Friday, March 02, 2018

Diversity in the Dungeon

Guess what’s back? Quantum ogres! Only the folks talking about them may not know that term. And hey, straight up, I understand the appeal. Well, ok, I understand the heartbreak of pouring your soul into a thing only to have the PCs bypass it.

What I don’t understand is the notion that railroads save the DM time. Sure, you only have to prep stuff that will actually show up in the game, instead of all the different possibilities. But look at all the work that has to go in to that prep:

  • You have to accurately guess what the players are going to want to do at game time, often days or weeks in advance.
  • You have to make sure it’s balanced to the abilities of the PCs and the players (and, again, often days or weeks in advance).
  • And it needs to be entertaining because if it falls flat, you’ve got no Plan B.

Conversely, if you give players actual choices, you take a lot of the stress out of DMing. For instance, let’s suppose the PCs need to cross a massive chasm deep in the Underdark. Their options might include:

  1. A bridge guarded by duergar raiders.
  2. The magically labyrinthine alleys and shops of the Goblin Market.
  3. A trolls’ tea-party on a flying carpet.

Right there we’ve got all three pillars of 5e D&D. If the PCs want to fight, they can attack the duergar. If they’re more in the mood for exploration, the Goblin Market’s got them covered. And, finally, tea-parties with trolls are available if the players are in more of a social mood.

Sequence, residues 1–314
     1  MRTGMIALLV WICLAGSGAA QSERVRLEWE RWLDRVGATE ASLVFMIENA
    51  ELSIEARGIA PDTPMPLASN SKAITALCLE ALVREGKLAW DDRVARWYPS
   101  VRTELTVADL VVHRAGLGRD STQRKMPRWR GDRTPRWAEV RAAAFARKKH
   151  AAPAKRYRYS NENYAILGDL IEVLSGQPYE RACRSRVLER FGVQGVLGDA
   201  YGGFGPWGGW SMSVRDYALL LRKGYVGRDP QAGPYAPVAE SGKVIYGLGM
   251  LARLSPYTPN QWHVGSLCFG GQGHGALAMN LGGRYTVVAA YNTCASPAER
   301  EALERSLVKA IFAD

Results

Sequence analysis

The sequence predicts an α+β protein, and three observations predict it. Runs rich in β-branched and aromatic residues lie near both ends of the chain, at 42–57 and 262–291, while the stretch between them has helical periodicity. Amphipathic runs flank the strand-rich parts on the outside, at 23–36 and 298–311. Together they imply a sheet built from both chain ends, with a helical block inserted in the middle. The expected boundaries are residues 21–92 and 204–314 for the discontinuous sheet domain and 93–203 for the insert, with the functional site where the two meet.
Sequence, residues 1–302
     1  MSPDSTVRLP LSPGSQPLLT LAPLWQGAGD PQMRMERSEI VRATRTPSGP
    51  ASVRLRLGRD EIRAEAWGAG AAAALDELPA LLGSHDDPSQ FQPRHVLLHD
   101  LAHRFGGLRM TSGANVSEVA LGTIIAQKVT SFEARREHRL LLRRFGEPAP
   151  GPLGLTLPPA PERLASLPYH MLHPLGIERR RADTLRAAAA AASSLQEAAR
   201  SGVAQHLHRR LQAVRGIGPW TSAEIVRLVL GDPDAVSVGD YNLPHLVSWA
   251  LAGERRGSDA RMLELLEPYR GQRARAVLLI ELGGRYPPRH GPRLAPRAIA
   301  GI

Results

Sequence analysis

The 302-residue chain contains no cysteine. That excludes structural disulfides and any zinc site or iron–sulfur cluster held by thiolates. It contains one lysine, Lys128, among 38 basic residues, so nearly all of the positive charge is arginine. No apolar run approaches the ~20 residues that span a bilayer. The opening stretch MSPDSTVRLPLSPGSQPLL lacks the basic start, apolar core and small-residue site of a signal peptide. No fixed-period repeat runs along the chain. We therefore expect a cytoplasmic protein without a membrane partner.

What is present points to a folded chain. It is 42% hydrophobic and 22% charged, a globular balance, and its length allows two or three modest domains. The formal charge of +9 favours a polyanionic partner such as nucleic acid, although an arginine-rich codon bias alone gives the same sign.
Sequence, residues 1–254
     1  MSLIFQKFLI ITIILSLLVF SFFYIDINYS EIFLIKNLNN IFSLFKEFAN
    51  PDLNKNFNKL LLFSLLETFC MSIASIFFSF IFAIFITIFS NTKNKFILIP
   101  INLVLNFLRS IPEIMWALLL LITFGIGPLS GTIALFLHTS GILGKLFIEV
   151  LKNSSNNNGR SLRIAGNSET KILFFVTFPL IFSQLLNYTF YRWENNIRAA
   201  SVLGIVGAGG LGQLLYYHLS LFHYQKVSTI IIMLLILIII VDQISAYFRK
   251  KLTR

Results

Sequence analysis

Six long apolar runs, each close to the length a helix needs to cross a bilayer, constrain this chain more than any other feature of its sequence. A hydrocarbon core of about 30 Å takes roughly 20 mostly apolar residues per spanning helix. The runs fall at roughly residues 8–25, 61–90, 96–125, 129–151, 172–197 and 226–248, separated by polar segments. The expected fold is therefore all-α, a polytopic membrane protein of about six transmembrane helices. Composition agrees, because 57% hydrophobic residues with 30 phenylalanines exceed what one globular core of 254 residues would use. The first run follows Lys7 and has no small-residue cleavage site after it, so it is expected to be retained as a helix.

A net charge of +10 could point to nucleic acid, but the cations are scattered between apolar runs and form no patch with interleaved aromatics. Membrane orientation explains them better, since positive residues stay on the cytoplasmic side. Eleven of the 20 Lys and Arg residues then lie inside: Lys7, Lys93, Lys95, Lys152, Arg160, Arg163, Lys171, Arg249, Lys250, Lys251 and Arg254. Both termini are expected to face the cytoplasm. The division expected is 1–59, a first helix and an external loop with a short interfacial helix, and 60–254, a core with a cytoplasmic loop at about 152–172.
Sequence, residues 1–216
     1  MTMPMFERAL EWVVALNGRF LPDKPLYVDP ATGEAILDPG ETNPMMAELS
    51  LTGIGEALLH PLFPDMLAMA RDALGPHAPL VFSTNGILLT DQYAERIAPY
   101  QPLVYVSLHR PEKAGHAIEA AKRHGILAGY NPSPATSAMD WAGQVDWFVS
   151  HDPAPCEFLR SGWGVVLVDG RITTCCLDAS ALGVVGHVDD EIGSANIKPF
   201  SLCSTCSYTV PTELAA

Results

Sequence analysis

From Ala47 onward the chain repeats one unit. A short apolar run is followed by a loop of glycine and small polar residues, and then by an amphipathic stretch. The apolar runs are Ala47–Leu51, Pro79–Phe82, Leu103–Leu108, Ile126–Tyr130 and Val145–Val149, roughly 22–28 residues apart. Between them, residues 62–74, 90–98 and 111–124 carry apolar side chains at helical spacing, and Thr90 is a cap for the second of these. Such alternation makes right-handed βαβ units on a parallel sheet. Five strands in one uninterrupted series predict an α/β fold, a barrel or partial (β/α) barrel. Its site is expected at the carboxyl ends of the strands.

Instead of trying to guess what the players are going to want to do on a particular day, I give them options. Instead of trying to balance the encounters, I let the players decide how much risk they’re willing to take on. And if the option they pick turns out to not be as fun as expected, they can always go back and try one of the other paths.

Most importantly, instead of being the players’ dancing monkey, we’re all involved in creating a good time together. The DM is not the sole point of failure at which the whole thing falls apart or succeeds. Everybody at the table is invited to lift some of that weight and be responsible for their own good time.


Rob Schwarz said...

My guess is that improvisation and on the fly GMing is natural to some and scary to others, particularly to novice GMs. If improv and on the fly is scary then railroading (in which every single detail can be pre-planned) suddenly seem appealing.

JB said...

Hmm, just so long as your three choices don't end up becoming "quantum" themselves.

trollsmyth said...

Rob Schwarz: Yep, totally true. Though if that's what you're doing, it's best to be up front about that and say, "Hey, folks, this is the adventure I've got prepared today." That avoids any guessing games or the players limiting themselves because of what they think the DM wants them to do.

JB: Not entirely certain I understand what you're saying. If there are three paths and each offers the players a real and understandable choice, how is there a threat of them becoming quantum?